I came to translation by accident. I moved to Paris at the age of 22 (having never been to France) and was surprised that i quickly became fluent in the language. I began to read compulsively. It was while I was reading La Vie devant soi by Émile Ajar (a pseudonym of Romain Gary) that I felt the urge – the need – to translate. But it did not occur to me even then that it was something I might do professionally. It was almost fifteen years later (while I was working for an Internet company, and spending weekends writing “reader’s reports” for publishers) that an editor asked whether I wanted to translate a novel – I was terrified but hugely excited. A couple of years later I gave up the day job so that I could translate full time.

Can you outline the process of translating a novel?

I will usually read a novel twice before beginning a translation. Once for the sheer excitement of the book, to enjoy its pleasures as a reader – whether plot, characterisation or language. The second time, I may slow down and consider the voice(s) in the text, the rhythms of the prose – occasionally I will find myself toying with English phrases as I read the second time.

Different translators approach a first draft in very different ways. I can spend a lot of time wrestling with a sentence / a paragraph to get the sound I feel I need, and I also litter the draft with footnotes to myself – highlighting passages I’m unhappy with, questions I want to ask the author, jokes or puns I think I need to work on. Once I’ve finished the first draft, I will usually write tot he author and explain my approach to the text, ask any questions that are niggling me as a reader and / or translator. In the second draft, I am already beginning to think of the book as English-language text – I find myself reworking phrases and images that seem too ‘lumpen’ in the English. I sometimes read passages – particularly dialogue – aloud to test whether I find them convincing.

Once delivered to an editor, it will usually be several weeks or months (once, more than a year) before I get editorial notes and comments. Coming back to a translation after a long period gives you a fresh eye – suddenly, solutions that were intractable seem obvious. Work on the third draft involves responding to the editor’s comments and suggestions. An insightful editor can flag a translator’s lexical tics and mannerisms, but also highlight phrases that feel literal or literal to his / her year. By this time, I am no longer referring back to the original text, but simply working with the English.

The last piece of tinkering comes when the publisher sends page proofs / galleys. Seeing a text typeset like a ‘proper book’ is another jolt and – while at this stage I am only supposed to correct errors and typos I often find myself reworking sentences and snatches of dialogue. It is almost compulsive, and it is important to know when to stop. I often say “a translation is near finished, only abandoned” (shamelessly paraphrasing W.H.Auden’s paraphrase of Paul Valéry).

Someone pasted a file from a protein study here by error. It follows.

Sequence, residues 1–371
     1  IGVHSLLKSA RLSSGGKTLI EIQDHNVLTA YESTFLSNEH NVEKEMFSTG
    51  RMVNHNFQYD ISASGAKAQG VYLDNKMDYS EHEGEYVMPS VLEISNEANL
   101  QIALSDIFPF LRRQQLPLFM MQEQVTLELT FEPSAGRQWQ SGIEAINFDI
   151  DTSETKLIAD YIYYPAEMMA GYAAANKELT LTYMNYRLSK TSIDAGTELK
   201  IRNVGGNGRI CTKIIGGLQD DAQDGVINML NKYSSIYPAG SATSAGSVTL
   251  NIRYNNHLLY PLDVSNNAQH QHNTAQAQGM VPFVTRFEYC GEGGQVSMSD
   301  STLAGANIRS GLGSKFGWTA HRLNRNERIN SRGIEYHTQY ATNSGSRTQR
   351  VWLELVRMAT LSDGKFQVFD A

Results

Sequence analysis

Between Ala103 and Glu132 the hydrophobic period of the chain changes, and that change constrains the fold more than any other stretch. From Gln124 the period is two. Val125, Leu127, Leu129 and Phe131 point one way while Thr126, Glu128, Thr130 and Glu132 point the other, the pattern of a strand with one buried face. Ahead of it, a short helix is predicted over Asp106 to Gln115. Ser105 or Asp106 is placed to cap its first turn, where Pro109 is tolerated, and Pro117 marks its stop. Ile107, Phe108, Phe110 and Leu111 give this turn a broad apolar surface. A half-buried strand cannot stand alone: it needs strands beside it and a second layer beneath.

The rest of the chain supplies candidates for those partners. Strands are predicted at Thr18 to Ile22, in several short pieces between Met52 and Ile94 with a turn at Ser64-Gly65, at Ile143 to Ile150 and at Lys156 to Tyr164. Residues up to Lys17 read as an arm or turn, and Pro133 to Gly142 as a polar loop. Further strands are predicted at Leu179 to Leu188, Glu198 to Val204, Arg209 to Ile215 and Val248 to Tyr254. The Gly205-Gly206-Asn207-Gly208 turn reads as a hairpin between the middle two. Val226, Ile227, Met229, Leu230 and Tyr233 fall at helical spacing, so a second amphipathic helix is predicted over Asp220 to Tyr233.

Do you see the process as a collaboration with the author of the work?

By definition a translation is a war of collaboration even if the original author has been dead for centuries. But in practice, the process and one’s relationship with authors can vary enormously. Some are perfunctory and professional, some almost non-existent (I’ve had one author who – despite repeated emails – declined to respond to my queries), most involve discussions that are informative and revealing, a small few are truly personal. I have felt intimately close to authors I have never met, and I have also had good fortune to have one or two relationships with authors evolve into friendships. In the end, however, though translation is an act of collaboration (with author, editor, copy editor  and proof reader) it is the translator who must take responsibility for recreating a work. A musician can endlessly question a composer about the intent behind a piece of music, but when it comes to playing, it is the performer’s interpretation that is heard.

Do you work on more than one project at a time?

Very rarely – and it is something I can only do if the projects are very different, or are in different languages, otherwise I find that the voice of one book begins to bleed over into the other.

Translating is like an intimate conversation, with the translator listening intently and responding to the writer; it is difficult to do so with multiple authors without sacrificing that intensity.

How much influence can a translator have on the tone or feeling of a book?